Ensure that Plants are Given Optimal Nutrition and Water and Competing Weeds Controlled
An often quoted first rule of sustainable and organic agriculture is 'Grow a Healthy Crop' and proper nutrition and water are the foundations of crop health and therefore its pest and disease status. If there are shortages of particular nutrients, or the soil pH (acidity/alkalinity) is wrong, the crop may not be able to grow well.
Also, if weeds are not controlled they tend to outcompete vegetable crops for these valuable resources. Farmers should enquire with Kenya Plant Health Inspectorate Services, Kenya Agricultural Research Institute or private companies for testing soils for acidity and nutrients and then take steps to correct deficiencies and problems. An excess of nutrients can also have unwanted effects including stimulating weed growth. For example, if too much nitrogenous fertilizer is used on brassicas, they can become very soft and sappy and susceptible to sucking pests. Water can also have a major influence. Heavy rainfall or overhead irrigation can have positive effects in washing off pests such as caterpillars and aphids, but can have negative effects in encouraging fungal and some bacterial diseases.
In organic farming artificial fertilizers which can easily be dissolved in water are not allowed:
- Adding fertilizers that are easily dissolved in water can disable the soil micro-organisms.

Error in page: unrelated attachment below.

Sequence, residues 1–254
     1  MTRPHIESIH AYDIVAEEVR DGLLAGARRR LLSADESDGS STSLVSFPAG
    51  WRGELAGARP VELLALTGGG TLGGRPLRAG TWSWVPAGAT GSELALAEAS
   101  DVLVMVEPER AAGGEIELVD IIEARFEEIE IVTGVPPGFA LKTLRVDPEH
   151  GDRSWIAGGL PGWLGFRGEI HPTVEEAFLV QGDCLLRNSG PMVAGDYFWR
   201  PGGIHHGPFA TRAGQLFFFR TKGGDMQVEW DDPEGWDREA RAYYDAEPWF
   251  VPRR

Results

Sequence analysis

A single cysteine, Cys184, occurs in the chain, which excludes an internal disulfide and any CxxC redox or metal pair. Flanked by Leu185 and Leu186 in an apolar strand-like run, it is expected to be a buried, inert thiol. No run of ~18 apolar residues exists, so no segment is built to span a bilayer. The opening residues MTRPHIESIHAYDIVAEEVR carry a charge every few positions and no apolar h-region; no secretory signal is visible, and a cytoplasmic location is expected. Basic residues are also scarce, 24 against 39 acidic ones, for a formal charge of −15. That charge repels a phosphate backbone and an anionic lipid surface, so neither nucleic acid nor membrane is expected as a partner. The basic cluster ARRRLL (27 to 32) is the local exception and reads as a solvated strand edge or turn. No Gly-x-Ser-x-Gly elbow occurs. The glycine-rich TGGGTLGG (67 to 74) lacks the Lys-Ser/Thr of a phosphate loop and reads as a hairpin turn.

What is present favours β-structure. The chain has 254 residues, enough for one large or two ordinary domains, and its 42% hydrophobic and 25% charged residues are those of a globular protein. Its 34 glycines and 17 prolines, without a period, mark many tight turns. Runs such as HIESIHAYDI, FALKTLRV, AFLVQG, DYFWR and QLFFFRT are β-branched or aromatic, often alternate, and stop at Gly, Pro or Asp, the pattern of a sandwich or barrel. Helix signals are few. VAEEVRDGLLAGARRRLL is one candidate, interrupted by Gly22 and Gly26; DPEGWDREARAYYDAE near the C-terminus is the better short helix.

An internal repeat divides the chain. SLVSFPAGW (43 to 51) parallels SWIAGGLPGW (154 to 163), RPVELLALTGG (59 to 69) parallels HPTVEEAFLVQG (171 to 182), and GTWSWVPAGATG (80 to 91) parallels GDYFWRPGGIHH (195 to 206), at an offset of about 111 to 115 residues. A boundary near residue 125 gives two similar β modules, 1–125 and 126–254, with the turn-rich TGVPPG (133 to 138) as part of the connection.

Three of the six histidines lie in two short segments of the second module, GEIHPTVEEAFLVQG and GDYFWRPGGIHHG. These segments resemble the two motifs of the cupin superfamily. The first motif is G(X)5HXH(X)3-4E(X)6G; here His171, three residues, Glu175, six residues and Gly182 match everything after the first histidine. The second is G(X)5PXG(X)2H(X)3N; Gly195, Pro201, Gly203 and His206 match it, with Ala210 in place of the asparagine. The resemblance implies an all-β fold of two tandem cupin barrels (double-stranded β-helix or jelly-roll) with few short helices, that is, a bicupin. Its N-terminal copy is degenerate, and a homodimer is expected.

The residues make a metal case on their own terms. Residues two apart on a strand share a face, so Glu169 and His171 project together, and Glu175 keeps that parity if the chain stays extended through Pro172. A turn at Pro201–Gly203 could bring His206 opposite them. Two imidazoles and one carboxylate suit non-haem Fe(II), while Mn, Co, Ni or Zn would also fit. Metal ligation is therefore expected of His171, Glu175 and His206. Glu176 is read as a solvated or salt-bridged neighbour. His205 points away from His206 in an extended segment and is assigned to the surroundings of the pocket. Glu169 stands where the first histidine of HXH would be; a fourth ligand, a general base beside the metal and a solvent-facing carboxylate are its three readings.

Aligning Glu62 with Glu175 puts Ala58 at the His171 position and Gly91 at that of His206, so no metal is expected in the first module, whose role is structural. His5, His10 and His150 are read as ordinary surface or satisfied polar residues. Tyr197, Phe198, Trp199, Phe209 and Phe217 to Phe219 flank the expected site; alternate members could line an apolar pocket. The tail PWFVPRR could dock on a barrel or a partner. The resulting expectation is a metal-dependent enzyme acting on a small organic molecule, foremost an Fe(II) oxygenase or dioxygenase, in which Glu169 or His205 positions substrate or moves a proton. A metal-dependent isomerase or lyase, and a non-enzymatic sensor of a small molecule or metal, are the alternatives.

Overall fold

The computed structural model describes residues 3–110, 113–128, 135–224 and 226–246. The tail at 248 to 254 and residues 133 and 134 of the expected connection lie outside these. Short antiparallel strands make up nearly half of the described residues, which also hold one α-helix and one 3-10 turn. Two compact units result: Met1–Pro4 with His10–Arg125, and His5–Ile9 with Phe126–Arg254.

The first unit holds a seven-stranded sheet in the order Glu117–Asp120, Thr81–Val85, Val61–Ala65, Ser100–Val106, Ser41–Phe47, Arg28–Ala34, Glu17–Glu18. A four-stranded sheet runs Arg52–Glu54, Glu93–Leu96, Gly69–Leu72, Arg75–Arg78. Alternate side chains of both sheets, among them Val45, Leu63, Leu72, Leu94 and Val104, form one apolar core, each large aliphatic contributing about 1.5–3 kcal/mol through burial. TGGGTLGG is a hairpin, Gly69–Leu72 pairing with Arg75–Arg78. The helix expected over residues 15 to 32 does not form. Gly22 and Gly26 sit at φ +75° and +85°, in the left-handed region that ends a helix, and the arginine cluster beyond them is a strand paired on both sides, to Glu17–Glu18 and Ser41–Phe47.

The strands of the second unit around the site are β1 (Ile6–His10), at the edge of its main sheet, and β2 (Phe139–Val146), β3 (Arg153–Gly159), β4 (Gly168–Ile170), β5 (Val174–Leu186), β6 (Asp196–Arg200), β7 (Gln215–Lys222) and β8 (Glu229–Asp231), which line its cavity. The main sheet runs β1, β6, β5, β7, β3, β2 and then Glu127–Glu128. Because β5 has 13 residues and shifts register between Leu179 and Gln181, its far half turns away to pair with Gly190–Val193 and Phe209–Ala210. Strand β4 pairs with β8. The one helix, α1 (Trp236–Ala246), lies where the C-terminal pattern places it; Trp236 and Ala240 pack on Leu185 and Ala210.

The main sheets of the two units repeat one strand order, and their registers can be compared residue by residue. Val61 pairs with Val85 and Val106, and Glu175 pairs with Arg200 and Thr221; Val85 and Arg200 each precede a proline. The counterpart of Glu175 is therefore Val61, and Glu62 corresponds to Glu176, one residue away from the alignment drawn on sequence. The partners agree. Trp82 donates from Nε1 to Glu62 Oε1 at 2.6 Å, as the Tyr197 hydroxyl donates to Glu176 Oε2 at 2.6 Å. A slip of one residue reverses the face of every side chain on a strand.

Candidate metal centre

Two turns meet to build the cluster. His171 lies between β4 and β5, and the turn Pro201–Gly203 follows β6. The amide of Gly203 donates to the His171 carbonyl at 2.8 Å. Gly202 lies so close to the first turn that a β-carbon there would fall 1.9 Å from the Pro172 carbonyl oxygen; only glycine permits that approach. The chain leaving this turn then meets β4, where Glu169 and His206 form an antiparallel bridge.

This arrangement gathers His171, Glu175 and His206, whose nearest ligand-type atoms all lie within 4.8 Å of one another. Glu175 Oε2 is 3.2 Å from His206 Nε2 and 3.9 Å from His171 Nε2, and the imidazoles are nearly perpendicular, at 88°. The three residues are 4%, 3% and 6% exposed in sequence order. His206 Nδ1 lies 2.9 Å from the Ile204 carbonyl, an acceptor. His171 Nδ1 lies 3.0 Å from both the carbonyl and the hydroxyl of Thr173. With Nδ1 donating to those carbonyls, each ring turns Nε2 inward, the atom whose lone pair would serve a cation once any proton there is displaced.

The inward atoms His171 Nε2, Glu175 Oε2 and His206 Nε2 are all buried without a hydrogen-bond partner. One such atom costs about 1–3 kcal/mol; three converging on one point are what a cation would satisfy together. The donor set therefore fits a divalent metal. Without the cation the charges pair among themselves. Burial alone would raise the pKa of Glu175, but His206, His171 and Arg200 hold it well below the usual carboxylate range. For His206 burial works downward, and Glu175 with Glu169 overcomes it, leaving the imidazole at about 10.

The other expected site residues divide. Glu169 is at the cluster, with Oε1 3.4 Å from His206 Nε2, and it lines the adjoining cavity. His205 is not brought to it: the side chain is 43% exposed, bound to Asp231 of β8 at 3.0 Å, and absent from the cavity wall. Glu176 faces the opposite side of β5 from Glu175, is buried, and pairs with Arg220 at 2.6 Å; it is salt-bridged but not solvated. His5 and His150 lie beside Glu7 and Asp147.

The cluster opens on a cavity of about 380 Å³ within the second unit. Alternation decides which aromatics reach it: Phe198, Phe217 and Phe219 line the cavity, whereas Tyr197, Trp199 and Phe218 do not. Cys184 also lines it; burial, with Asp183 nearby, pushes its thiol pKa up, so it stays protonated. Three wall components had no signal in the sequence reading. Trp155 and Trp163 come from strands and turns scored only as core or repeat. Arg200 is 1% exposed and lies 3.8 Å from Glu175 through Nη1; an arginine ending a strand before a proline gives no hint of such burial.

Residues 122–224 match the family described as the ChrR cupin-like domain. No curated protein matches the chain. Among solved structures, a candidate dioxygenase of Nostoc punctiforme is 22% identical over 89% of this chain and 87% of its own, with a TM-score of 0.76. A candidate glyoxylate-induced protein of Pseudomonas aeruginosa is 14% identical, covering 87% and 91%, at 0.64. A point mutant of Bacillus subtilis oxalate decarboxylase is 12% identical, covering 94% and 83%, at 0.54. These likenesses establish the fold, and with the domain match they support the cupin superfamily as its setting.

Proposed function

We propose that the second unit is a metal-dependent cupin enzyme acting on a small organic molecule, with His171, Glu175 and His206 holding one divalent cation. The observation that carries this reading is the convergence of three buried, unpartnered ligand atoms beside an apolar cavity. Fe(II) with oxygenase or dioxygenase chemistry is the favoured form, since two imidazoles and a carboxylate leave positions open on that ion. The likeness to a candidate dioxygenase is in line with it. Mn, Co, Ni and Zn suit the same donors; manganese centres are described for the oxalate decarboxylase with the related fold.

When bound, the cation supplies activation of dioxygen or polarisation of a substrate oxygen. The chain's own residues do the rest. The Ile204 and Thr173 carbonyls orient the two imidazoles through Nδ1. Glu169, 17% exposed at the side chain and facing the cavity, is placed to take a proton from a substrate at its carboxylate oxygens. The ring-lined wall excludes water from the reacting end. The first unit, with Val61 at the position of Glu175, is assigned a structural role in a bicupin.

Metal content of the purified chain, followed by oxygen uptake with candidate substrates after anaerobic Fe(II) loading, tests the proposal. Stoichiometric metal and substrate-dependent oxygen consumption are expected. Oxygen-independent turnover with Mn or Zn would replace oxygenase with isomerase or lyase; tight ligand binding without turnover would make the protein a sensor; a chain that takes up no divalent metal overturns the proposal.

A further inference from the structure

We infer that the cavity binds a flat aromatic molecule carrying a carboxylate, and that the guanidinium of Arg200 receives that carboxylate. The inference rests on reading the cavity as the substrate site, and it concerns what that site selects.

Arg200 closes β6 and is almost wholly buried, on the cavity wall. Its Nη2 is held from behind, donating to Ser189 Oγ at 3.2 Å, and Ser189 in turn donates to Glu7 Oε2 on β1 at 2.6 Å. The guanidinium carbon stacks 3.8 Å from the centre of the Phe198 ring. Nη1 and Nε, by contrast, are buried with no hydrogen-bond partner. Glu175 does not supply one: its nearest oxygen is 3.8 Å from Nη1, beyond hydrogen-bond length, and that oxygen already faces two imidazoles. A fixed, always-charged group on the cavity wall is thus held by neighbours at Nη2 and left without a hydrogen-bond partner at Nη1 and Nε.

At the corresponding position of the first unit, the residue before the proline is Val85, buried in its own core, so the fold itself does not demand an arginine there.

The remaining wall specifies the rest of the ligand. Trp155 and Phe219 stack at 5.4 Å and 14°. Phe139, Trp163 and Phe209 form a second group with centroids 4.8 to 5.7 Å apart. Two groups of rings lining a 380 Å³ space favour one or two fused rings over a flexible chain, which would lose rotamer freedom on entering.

- By adding water dissolved plant nutrients, plants absorb these salts whether they need them or not.
- When plants are forced to absorb nutrients they do not need, they become unbalanced, less healthy and more prone to insects and diseases.
|Crop||N/ha kg||P/ha kg||K/ha/ kg||Micro||Acidity, pH|
|Leek||150-220||30-40||150-200||Mg, Mn, B||high|
|*B=Boron, Mg=magnesium, Mn=manganese, Mo=molybdenum, Ca=calcium|
Calcium and magnesium also affect what we call soil pH, or soil acidity. Apart from being plant nutrients, these two elements are added when the soil is too acidic for plants to grow well. We put lime on the soil. Some crops like potatoes do not like very much lime. The way the figures in the table above are derived, are based on analysis on content in mature crop plant tissue. It reflects more how much a crop is able to absorb, than what it actually needs for balanced growth.
Left: Plant given balanced nutrition - low content of soluble nutrients
Right: Plant given nutrition high in soluble nutrients like nitrogen and potassium
Such tables can be used to see which crops are heavy feeders and which ones need acidity and which ones do not. Most of the time animal manure contains all the micro nutrients, but sometimes when the land on which animals graze is deficient in something, also the manure these animals make can have low content of some micronutrients. Composts and manures mostly contain all the plant nutrients needed.